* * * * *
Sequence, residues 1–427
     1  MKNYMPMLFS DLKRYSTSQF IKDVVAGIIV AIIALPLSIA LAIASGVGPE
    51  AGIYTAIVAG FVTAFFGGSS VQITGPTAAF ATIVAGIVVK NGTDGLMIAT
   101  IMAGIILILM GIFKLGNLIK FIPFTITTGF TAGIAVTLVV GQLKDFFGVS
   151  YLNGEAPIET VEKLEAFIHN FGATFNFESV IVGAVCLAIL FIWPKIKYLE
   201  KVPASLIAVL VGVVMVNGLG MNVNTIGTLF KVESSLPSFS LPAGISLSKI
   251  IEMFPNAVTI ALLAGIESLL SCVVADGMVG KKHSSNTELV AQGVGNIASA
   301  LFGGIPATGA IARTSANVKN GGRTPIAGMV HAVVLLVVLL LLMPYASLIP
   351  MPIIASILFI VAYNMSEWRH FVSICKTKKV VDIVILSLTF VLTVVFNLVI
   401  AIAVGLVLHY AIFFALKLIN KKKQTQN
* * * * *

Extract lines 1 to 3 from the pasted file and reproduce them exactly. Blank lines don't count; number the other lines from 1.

Sequence, residues 1–427
     1  MKNYMPMLFS DLKRYSTSQF IKDVVAGIIV AIIALPLSIA LAIASGVGPE
    51  AGIYTAIVAG FVTAFFGGSS VQITGPTAAF ATIVAGIVVK NGTDGLMIAT